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Shaw Communications Inc. (SJR) Q3 Earnings Call Transcript

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Shaw Communications Inc. (NYSE: SJR)
Q3 2019 Earnings Call
June 27, 2019, 9:30 a.m. ET

Contents:

  • Prepared Remarks
  • Questions and Answers
  • Call Participants

Prepared Remarks:

Operator

Welcome to Shaw Communications Third Quarter 2019 conference call and webcast. Today's call will be hosted by Mr. Brad Shaw, CEO of Shaw Communications.0

At this time, all participants are in a listen-only mode and the conference is being recorded. Following the presentation, there will be a question and answer session. To join the question queue, simply press * and 1 on your touchtone phone at any time during the call. Should anyone need assistance during the conference call, they may signal an operator by pressing * and zero on their telephone.

Before we begin, management would like to remind listeners that comments made during today's call will include forward-looking information and there are risks that actual results could differ materially. Please refer to the company's publicly filed documents for more details on assumptions and risks.

Mr. Shaw, I would now like to turn the call over to you.

Bradley Shaw -- Chief Executive Officer

Thank you, Operator, and good morning everyone. With me today are members of our senior management team, including Jay Mehr, Trevor English, and Paul McAleese.

Earlier this morning, we released our third quarter operating and financial results for fiscal 2019, reflecting our continued focus on wireline execution and strong growth in our wireless business. While the quarter included a $15 million payment related to IP matters that impacted the reported results, the underlying performance of our business remained solid, and Trevor will walk us through this in more detail.

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In wireless, we had another terrific quarter with total net additions of approximately 62,000 compared to 47,000 a year ago. Included in the result is 61,000 postpaid subscriber additions and record low postpaid churn of 1.18. Clearly, our strategy to grow this customer segment through an improved network experience, the latest devices, and affordable data-centric plans are delivering great results. We also added approximately 800 prepaid customers in the quarter, a significant change in trajectory from the recent quarters due to the success of our new plans launched on April 4.

Eighteen months ago, Freedom Mobile permanently changed the Canadian wireless industry with our Big Gig data plans, which featured large buckets of fast LTE data and no overage charges. In recent weeks, each of the incumbents was finally forced to respond to our success by launching their own more expensive versions of our Big Gig plans. It's now absolutely clear that Canadian wireless prices are coming down and that Freedom Mobile is the catalyst for this change.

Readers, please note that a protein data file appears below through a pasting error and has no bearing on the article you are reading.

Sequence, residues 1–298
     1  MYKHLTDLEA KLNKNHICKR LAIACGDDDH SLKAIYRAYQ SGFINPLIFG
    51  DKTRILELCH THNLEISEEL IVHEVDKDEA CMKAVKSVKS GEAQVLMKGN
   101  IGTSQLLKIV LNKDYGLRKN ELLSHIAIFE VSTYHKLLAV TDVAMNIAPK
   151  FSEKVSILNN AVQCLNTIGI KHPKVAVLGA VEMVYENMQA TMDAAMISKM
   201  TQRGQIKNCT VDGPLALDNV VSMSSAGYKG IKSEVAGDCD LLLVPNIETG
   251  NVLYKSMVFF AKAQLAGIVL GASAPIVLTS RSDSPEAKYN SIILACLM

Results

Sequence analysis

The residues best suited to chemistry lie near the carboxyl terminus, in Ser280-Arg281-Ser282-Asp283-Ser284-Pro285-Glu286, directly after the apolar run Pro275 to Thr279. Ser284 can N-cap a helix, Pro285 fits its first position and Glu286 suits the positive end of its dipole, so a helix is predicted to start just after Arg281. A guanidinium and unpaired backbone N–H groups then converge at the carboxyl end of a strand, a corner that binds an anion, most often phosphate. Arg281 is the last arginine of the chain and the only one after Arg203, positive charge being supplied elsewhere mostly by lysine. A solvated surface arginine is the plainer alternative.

For the Big 3, these new rate plans offer a dramatic about-face from expensive data overages that their customers have been paying for years. It's just too bad they haven't gone far enough. If you are a customer of one of the incumbents, chances are you are still struggling with your current data plan and its toxic overage fees. Meanwhile, all Freedom Mobile postpaid customers can use their phones and devices with no limits, just as they have always been able to. We have worked hard to reset Canadians' expectations of their wireless providers and the competition is learning to follow our lead. While the recent pricing moves have attracted a lot of attention, they have yet to have any meaningful impact on our customer acquisition initiatives, and we remain confident that the value of our Big Gig plans continues to resonate with Canadians.

In our wireline business, we added approximately 7,000 broadband customers. This is a significant improvement from a year ago in a seasonally challenging quarter due to student disconnects that happen in May. Our year-to-date broadband net additions reflect a more consistent and improving trend compared to the previous year and is a direct result of our focus on execution.

While it is still early days with our Blue Curve platform, we are pleased with its progress, which has met all of our targets and is a technology that lends itself well to our digital strategy, including a robust self-install experience. During the quarter, self-install increased again to 41% of total consumer activity, and we expect this improving trend to continue.

We also recently launched IPTV in Calgary and expect to roll out this service to additional key markets over the next several months. The main benefits related to the introduction of IPTV include lower success-based capital as well as a lower service delivery cost as video becomes much easier to self-install.